Some pieces were bought as an investment and were destined to spend their days in safety deposit boxes. Paintings would often be left with Christie's for safe keeping, or until a house was redecorated, though it was often the case that pieces stayed hidden in the vaults for many, many years.
I always used to think that was so sad - all of those amazing pieces of art hidden away where no-one could see them.
I was mulling all this over the other day when our nephews came to visit and we took them out to explore the Langdale Valley on a beautiful but busy bank holiday Sunday. The car crawled along the northern shores of Windermere (more time to admire the views) as we made our way to Ambleside and we were accompanied on our journey up to Stickle Tarn by several hundred other people out enjoying the sunshine.
It would have been incredibly easy to curse every other person who ventured out that day, denying us the chance to enjoy the fells in peace, but then that would have been no better than wishing for magnificent pieces of art to remain hidden away in bank vaults and dusty basements.
Aside from the fact that we rely on the tourist industry here and that crowds of people mean good business for hotels, B&Bs, pubs, cafes, gift shops etc., surely the sight of so many people out enjoying the sunshine is a good thing?
We saw families laughing and chattering as they made their way upwards; kids chastised (as were our nephews a few times) for getting overly enthusiastic or for getting too near to the waterfalls or cliff edges and exhausted groups pausing for welcome gulps of juice and chocolate.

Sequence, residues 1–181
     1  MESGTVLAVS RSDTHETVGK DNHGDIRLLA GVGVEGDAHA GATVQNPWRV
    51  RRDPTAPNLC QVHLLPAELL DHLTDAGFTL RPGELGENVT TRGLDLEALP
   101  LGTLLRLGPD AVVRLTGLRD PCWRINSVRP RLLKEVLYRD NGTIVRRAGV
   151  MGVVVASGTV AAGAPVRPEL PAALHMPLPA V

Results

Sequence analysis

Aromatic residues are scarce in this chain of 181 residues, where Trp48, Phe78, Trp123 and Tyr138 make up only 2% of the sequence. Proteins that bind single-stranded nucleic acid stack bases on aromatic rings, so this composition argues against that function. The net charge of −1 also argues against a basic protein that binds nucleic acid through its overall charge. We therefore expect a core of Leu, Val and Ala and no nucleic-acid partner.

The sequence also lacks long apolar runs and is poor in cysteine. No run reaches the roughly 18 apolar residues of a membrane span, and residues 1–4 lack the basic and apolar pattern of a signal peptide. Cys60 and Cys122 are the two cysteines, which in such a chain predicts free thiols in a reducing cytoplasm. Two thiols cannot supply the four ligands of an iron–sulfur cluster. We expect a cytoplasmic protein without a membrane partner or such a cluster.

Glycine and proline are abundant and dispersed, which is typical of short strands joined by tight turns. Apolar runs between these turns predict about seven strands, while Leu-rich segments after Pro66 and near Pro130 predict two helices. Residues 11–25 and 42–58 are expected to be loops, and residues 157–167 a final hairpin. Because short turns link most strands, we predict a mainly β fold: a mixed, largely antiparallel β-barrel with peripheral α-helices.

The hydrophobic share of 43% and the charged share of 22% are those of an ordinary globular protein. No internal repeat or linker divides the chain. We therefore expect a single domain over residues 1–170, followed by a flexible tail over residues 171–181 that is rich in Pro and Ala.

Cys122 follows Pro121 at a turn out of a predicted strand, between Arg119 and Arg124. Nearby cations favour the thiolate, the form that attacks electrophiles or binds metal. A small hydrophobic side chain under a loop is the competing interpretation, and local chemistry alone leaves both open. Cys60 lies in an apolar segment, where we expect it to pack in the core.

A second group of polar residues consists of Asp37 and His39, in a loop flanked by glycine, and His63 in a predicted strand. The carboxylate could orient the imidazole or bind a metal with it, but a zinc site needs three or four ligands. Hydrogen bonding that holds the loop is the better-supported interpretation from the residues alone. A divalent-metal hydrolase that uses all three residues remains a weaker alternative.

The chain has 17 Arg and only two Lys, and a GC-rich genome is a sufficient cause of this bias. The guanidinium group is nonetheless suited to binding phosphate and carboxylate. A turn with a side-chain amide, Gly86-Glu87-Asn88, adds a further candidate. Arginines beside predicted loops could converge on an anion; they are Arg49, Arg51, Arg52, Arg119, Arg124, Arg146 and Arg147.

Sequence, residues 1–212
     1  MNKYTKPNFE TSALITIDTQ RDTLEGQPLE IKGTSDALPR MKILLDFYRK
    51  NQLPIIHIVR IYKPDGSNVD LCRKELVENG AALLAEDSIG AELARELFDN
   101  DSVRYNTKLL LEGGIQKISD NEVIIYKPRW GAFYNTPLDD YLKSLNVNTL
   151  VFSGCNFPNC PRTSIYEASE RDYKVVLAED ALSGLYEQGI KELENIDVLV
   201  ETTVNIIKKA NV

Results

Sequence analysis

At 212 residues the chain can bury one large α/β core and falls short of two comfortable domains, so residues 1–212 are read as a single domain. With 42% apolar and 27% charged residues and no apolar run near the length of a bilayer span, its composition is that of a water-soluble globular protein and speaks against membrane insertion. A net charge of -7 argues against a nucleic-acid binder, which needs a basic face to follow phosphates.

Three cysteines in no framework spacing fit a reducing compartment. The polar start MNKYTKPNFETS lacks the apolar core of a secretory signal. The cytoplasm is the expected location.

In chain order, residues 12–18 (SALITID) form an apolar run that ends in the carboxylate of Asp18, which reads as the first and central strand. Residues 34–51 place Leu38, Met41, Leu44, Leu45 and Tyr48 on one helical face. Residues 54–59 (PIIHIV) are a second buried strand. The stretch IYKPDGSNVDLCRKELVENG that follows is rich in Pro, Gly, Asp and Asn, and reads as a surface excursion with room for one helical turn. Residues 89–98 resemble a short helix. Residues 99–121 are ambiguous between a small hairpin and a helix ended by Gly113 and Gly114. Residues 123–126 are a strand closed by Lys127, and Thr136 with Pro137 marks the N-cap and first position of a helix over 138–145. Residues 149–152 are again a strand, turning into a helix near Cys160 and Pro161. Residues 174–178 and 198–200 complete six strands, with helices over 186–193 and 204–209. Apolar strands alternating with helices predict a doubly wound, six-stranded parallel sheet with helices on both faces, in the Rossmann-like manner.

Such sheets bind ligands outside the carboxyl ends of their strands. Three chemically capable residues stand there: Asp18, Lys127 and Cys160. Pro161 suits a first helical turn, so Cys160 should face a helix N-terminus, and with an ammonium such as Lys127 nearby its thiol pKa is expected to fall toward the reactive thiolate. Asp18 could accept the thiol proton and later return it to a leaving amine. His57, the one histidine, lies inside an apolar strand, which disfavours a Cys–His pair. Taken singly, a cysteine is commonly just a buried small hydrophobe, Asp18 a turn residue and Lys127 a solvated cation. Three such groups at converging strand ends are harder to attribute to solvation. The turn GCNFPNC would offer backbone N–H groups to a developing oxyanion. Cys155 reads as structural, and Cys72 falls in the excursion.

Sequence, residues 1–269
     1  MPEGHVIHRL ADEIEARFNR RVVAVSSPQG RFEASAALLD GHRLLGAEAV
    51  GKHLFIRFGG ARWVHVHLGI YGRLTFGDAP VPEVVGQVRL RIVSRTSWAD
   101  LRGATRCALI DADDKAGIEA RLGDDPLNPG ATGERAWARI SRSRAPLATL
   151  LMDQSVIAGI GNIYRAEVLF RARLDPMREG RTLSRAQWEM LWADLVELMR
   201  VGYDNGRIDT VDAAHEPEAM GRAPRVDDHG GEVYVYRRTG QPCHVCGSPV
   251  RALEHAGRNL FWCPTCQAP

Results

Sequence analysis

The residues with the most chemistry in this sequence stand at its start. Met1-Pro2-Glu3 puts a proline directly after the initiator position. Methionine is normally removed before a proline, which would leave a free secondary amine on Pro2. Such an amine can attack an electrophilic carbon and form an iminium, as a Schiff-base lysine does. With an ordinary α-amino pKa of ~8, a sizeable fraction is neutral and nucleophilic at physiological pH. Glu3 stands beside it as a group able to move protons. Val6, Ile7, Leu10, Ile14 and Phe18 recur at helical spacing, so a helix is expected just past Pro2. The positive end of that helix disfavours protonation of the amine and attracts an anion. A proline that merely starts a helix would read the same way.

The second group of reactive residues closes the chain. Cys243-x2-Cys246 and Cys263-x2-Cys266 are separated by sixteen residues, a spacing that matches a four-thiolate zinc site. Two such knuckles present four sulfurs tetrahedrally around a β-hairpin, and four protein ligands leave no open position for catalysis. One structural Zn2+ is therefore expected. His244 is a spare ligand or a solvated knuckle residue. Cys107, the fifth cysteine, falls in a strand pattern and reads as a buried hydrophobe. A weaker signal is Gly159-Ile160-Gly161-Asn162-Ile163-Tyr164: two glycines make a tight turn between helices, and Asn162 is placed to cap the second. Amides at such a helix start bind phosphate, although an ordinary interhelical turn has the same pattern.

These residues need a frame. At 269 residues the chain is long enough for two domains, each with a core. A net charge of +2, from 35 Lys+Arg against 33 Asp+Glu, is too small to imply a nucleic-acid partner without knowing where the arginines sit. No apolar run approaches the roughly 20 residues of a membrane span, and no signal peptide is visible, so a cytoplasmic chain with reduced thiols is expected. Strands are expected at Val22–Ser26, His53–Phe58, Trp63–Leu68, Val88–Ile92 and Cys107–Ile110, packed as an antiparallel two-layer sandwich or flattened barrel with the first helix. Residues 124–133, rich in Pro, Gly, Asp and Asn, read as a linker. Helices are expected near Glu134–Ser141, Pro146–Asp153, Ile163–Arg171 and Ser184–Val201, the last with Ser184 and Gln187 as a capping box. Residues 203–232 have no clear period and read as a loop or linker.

We chatted to many of them, discussing the stunning views, my silly hat or how much beer we planned to have when we got back to the pub at the bottom. And we all paused to admire a gorgeous little 3 year old girl making her determined way to the top in her pretty princess wellington boots.
Surely it's a fantastic thing to see so many people out having fun in the sunshine? And how dull would the pub have been without plenty of people laughing, chattering, telling exaggerated stories and playing board games while they enjoyed a beer and a well earned plate of food? Yes the food took a bit of a while to arrive, but that's because it was all freshly made, not some burger bar production line - and anyway, it gave us more time to natter.
You only need a map and a tiny sense of adventure if you really do want to avoid the crowds (instead of returning down the way we came we cut across to Dungeon Ghyll and only saw 3 other people on our entire route back to the pub). So long as folks are respectful (and let's face it, most of them are) there really is plenty of room on the fells for everyone.